For an earnest (sometimes-) student of these techniques such as myself, it was annoying to have people with real skill in helping people treat your own work and techniques as crazy cult stuff, especially when it can be so helpful; the kneejerk rejection gets really frustrating.
For purposes of this post, though, since the vast majority pf people had never heard of the stuff, it wasn't a big deal.
Then the speed seduction people got ahold of NLP.
This would be people (OK, men) in the "it's just talking" crowd of NLP ethics who decided to streamline techniques solely for the purpose of seducing people (OK, women). I don't know if love is on the list as well as sex or not.
And then the published it. And made websites about their books. And publicized.
If you're going to go around seducing people anyways, I can sort of see that using techniques to streamline the process (and, more importantly, to let the person go on their way without pain, which I like to imagine is part of the speed seduction process) might make the whole thing easier on everybody involved. Maybe. Sort of.
Really, though, it's just hella creepy.
And suddenly, everybody had heard of NLP, at least in the sex-positive community, and thought that if you mentioned it you were in the speed seduction crowd.
It is really, really shitty when a bunch of assholes spoils something for the nice people, but I try to pick battles I can win, and this one is already lost: to many people, "NLP" means "speed seduction", and the only thing I'll accomplish by trying to convince them otherwise is convincing them that I'm so deluded that I don't even know I'm causing harm.
Thanks, but no thanks. I've got plenty of other battles to fight. I just don't mention NLP at all anymore except around close friends.
It is, in fact, the job of most sysadmins to deal with end users, and to turn user problems into solutions.
Despite that, a large subset of the sysadmin community has decided that any question that shows any less understanding of computers than their own is stupidity, and hence evil. They don't actually use the term "evil", but they certainly act that way.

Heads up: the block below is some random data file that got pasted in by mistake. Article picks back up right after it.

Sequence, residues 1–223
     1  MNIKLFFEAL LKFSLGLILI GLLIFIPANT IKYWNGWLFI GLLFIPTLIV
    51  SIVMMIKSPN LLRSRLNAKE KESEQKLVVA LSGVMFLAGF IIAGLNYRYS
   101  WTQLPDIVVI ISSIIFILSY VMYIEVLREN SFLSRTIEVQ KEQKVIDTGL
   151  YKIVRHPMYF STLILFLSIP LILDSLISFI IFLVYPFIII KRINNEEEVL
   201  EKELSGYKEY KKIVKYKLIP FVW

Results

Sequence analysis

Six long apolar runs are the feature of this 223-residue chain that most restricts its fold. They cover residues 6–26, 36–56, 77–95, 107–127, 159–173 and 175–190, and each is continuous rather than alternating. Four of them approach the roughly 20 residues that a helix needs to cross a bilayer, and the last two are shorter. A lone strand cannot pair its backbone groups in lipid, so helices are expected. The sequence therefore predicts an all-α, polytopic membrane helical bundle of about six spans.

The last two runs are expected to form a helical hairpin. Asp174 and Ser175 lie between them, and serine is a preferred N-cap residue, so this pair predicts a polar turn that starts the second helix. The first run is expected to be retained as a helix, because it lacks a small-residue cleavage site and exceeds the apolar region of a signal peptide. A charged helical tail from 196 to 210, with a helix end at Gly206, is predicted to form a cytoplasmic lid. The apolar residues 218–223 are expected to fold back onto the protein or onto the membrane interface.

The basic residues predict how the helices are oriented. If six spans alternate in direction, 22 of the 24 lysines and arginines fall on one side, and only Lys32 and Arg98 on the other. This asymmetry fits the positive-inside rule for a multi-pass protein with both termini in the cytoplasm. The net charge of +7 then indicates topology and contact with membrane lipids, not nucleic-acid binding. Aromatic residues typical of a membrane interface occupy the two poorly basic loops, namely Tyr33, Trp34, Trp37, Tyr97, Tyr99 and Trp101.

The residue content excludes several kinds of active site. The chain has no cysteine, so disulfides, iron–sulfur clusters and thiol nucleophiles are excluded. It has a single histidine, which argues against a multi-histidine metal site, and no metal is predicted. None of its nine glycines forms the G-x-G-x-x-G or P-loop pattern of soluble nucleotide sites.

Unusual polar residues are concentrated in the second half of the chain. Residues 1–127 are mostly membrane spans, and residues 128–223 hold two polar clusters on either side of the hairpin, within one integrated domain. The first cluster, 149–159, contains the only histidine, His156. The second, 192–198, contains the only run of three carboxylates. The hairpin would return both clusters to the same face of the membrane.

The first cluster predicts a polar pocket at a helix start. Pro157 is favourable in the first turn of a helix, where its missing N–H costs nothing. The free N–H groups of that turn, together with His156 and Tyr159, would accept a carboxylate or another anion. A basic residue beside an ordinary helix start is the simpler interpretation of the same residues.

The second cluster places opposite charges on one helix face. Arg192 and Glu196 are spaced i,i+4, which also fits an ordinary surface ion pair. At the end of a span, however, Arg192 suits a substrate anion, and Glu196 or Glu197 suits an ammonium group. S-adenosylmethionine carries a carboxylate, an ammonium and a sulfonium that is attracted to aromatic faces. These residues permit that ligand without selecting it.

This has lead to a culture that glorifies "letting off steam", which is their term for getting together (usually virtually) and mercilessly attacking all the horribly stupidity of their "lusers" (the "l" is silent). These would be the reason sysadmins exist: if everyone had a sysadminly level of computer understanding, no-one would pay sysadmins for anything (and we are usually very well paid). Talk about biting the hand that feeds! These people viscously attack their own reason for existence, or at least for a good salary, and call that fun.
I'd find this icky all by itself, but there's a whole genre of Bastard Operator From Hell literature that includes the main character killing his users as just punishment for their lack of computer skills.
I can enjoy absurdist violence humour as much as the next guy; I love Happy Tree Friends, for example. But that stuff just creeps me out.
So given all that, it's not surprising that when people find out I'm a sysadmin, there's a significant chunk that start looking for a way to exit the conversation, under the assumption that I'm about to go all super-arrogant on them.
This one I do not cover and I do not avoid or let slide: most sysadmins really are decent, kind people, and I won't let a few loose cannons make us all look bad. Even the a.s.r./BOFH crowd are usually kind and helpful to their users. As always, though, it takes very few assholes to give a bad impression. So, when this comes up, I just try yo be as kind and helpful as possible and hope to change people's minds.
I have some strong opinions about the future, selected carefully through long thought and effort and research. I've come to a point of view that is sometimes called "Singularitarian". Basically, it means I'm expecting our future robots overlords to save us all from ourselves, probably before the year 2030. That an extremely simplified summary of a hugely complex set of issues, of course.
Some people have noticed the superficial and misleading similarity between hopes for a beneficial singularity and religious millenarianism, and dubbed the singularity as "the rapture of the nerds". As a physicalist/atheist who spent hundreds of hours researching these issues from a serious science-and-technology-based perspective, I find this extremely insulting.
Beyond that, though, who even cares if I believe such things? I'm just off in my corner spending time and money on saving the world. I'm not evangelizing, and very very few Singularitarians do. I don't even mention it unless there's a really reasonable conversational segue (i.e. people talking about what things will be like in 50 years).
And yet, people will sometimes act as though there's no difference between me and an actual religious evangelist.
Spending time and money to solve the world's problems makes me a creepy cultist? Really?
My standard way of dealing with this is to say, should it come up, that I am eagerly awaiting the coming of our future robot overlords. If people laugh this off, I let it go. If people ask for an explanation, I explain, and I try to keep it short and simple so I don't seem like a cultist.